Akron Early College High School Helped Tori Ball Know She Could Achieve Anything

Topics: Early College High School, Education Policy, ESSA

Akron Early College High School Helped Tori Ball Know She Could Achieve Anything Tori Ball graduated from Akron Early College High School in May of 2012. Three days later, she graduated with her associate degree in Criminal Justice Technology from the University of Akron. Because of her early college experience, Tori entered the University of Toledo with 68.5 college credit hours and was able to earn her Bachelor’s degree in only 2 years. A combination of free college credits earned while in high school and college scholarships means that when Tori graduated from college last month, she graduated debt free.

More and more frequently, people are questioning the high cost of a college education, even though studies consistently show that college graduates on average earn more over a lifetime than people who only have a high school diploma (PDF).  Tori is a first-generation college-goer and the cost of college was on her mind when she made her decision to enter Akron Early College High School.

“Attending an early college high school saved me $40,000 dollars and two years of my time,” she said. “I also had the perk of having wonderful support systems in place, which may not have been there if I didn’t go to Akron Early College High School.”

KnowledgeWorks early college high schools, like Akron Early College High School, are set up to make sure that each student has an individualized learning plan as well as the supports necessary to success. For Tori, some of that support came in the form of Pat Millhoff, JD, her criminal justice professor.

“Since I was a child, I knew that I wanted to work in the Criminal Justice system,” Tori said. “In my junior year of high school, I took a class at the University of Akron from Professor Millhoff, who was a defense attorney for many years. She took me under her wing and she helped me realized that law was the path I wanted to follow.”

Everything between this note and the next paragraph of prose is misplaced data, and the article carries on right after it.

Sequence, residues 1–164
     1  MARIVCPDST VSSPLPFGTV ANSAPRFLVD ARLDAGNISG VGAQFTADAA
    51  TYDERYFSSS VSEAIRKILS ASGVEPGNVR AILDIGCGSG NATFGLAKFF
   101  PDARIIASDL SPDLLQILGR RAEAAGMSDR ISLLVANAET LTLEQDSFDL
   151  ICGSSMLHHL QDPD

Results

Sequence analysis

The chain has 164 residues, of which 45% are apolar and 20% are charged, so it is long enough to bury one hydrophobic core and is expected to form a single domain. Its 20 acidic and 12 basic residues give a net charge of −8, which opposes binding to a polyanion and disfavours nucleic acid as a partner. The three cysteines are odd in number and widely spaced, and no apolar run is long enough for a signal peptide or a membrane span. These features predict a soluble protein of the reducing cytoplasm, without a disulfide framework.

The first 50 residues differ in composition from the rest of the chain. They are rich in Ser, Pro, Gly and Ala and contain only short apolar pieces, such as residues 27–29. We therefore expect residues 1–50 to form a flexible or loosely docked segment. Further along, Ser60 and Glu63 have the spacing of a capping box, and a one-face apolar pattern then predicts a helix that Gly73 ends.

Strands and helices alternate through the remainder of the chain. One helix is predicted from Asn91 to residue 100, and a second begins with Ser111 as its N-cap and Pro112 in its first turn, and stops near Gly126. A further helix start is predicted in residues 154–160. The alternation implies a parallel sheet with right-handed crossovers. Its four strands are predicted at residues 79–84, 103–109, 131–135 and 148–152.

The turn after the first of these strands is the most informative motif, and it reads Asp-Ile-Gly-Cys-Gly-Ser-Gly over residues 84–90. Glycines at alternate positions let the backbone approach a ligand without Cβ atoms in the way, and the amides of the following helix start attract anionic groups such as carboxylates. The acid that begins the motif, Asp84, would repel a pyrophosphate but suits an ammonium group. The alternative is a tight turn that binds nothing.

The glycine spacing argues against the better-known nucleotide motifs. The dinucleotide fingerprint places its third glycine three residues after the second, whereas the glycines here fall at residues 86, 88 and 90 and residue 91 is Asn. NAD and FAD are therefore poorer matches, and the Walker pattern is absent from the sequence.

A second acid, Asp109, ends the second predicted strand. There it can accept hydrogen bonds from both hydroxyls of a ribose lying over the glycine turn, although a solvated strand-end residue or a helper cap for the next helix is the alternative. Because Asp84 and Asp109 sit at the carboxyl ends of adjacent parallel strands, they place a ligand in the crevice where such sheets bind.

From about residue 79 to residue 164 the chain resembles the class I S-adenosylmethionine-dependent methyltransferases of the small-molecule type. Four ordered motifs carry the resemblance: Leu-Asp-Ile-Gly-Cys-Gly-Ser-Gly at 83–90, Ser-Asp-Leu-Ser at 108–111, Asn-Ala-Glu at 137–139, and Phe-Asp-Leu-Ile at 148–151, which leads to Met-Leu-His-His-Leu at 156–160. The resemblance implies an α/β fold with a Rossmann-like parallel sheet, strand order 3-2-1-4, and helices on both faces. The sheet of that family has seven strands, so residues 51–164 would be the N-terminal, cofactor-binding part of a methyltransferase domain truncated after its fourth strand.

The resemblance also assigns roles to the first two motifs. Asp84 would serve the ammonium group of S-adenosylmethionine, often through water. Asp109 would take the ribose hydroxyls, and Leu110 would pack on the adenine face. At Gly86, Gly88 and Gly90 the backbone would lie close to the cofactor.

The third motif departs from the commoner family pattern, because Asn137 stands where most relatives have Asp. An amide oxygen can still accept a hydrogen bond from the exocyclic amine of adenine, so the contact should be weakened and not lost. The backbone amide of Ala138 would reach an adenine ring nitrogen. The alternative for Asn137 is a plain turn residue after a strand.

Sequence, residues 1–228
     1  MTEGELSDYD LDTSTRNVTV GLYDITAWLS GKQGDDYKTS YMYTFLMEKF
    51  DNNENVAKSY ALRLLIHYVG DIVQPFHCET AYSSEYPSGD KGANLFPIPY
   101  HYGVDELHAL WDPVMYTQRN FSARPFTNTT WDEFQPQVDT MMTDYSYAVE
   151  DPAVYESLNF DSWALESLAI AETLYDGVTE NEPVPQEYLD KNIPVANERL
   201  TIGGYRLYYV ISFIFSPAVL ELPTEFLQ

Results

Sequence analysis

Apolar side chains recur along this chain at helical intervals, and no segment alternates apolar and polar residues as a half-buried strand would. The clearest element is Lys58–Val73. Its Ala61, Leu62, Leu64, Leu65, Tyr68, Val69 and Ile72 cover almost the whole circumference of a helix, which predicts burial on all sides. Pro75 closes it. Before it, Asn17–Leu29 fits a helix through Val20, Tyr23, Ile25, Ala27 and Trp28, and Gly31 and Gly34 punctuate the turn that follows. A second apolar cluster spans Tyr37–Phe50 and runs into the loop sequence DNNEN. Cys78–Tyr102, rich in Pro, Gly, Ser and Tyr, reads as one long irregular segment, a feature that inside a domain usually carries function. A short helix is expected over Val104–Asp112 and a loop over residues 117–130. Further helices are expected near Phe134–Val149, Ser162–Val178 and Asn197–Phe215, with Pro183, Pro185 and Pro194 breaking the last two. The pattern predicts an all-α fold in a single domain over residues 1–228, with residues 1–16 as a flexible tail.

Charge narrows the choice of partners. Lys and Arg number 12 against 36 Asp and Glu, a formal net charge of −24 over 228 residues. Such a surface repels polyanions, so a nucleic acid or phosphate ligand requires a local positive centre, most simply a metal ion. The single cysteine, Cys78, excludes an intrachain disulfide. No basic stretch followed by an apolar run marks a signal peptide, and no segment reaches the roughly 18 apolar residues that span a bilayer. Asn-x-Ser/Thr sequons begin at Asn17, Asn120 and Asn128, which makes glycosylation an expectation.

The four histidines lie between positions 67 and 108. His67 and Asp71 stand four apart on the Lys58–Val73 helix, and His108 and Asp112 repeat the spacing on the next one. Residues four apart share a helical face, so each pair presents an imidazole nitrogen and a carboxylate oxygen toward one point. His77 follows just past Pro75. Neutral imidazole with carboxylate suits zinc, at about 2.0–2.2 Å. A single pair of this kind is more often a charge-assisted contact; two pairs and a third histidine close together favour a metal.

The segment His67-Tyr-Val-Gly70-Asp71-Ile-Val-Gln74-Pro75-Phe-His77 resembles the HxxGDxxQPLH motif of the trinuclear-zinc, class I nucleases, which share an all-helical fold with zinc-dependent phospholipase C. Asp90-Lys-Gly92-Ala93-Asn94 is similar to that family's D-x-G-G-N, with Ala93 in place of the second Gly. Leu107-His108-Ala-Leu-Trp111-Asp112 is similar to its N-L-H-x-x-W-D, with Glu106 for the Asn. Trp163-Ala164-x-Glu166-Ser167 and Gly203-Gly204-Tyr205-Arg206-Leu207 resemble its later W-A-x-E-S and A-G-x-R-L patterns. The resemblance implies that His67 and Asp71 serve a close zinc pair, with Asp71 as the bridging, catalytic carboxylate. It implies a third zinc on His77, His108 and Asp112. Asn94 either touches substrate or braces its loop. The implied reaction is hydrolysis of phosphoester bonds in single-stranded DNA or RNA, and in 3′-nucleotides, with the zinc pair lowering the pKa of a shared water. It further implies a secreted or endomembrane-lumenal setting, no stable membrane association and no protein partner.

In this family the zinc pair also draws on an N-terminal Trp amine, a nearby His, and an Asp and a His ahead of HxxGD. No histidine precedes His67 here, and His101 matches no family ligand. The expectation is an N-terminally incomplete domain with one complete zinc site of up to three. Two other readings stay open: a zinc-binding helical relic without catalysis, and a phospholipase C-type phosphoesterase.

Next year Tori will enter law school at University of Toledo. “During my undergraduate, I minored in women’s studies and it enlightened me on all of the social issues in our society,” she said. “I hope to one day be an activist for women and minority groups using my law degree.”

Right now Tori is planning for her future, but she is grateful to the foundation Akron Early College High School gave her. In addition to the cost benefits, early college high schools help ease the transition between high school and college.

“When I first moved into the dorms at the University of Toledo, most of the new freshman were overstressed and didn’t know what  to do with all of the responsibly that came along with college, but I was prepared and knew I could achieve anything I put my mind to,” Tori said. “The freedom of college life didn’t shock me as much as it did my peers, which helped me achieve more things.”

That focus on achievement on is also a result of Tori’s time at Akron Early College High School. There, being the first in her family to graduate from college became an attainable goal.

“I always knew that college was an important aspect of life to me and I wanted to do things in life that wouldn’t be possible without a college degree,” Tori said. “My grandmother and aunt always reminded me that going to college was important. Akron Early College High School reinforced these ideals and showed me that college wasn’t impossible or too hard.”